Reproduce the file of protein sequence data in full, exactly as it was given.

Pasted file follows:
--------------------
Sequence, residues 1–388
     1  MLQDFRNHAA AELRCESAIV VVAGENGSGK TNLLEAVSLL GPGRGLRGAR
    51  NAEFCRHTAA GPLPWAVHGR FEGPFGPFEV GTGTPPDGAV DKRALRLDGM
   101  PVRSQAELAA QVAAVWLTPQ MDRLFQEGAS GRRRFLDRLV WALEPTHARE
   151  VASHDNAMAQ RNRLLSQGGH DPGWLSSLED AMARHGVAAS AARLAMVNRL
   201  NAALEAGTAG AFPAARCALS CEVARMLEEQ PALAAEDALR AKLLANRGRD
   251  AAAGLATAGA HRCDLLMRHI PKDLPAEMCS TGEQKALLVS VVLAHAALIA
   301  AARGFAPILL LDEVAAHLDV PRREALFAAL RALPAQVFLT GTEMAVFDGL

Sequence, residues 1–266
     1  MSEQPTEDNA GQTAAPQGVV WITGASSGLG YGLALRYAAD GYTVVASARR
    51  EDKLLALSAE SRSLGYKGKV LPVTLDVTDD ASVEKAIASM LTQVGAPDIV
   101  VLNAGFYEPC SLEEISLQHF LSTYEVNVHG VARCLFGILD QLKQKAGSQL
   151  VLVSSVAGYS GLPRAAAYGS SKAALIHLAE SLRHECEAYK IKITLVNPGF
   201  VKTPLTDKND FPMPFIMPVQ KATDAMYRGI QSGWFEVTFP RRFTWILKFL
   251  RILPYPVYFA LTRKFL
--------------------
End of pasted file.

Sequence, residues 1–388
     1  MLQDFRNHAA AELRCESAIV VVAGENGSGK TNLLEAVSLL GPGRGLRGAR
    51  NAEFCRHTAA GPLPWAVHGR FEGPFGPFEV GTGTPPDGAV DKRALRLDGM
   101  PVRSQAELAA QVAAVWLTPQ MDRLFQEGAS GRRRFLDRLV WALEPTHARE
   151  VASHDNAMAQ RNRLLSQGGH DPGWLSSLED AMARHGVAAS AARLAMVNRL
   201  NAALEAGTAG AFPAARCALS CEVARMLEEQ PALAAEDALR AKLLANRGRD
   251  AAAGLATAGA HRCDLLMRHI PKDLPAEMCS TGEQKALLVS VVLAHAALIA
   301  AARGFAPILL LDEVAAHLDV PRREALFAAL RALPAQVFLT GTEMAVFDGL

Sequence, residues 1–266
     1  MSEQPTEDNA GQTAAPQGVV WITGASSGLG YGLALRYAAD GYTVVASARR
    51  EDKLLALSAE SRSLGYKGKV LPVTLDVTDD ASVEKAIASM LTQVGAPDIV
   101  VLNAGFYEPC SLEEISLQHF LSTYEVNVHG VARCLFGILD QLKQKAGSQL
   151  VLVSSVAGYS GLPRAAAYGS SKAALIHLAE SLRHECEAYK IKITLVNPGF
   201  VKTPLTDKND FPMPFIMPVQ KATDAMYRGI QSGWFEVTFP RRFTWILKFL
   251  RILPYPVYFA LTRKFL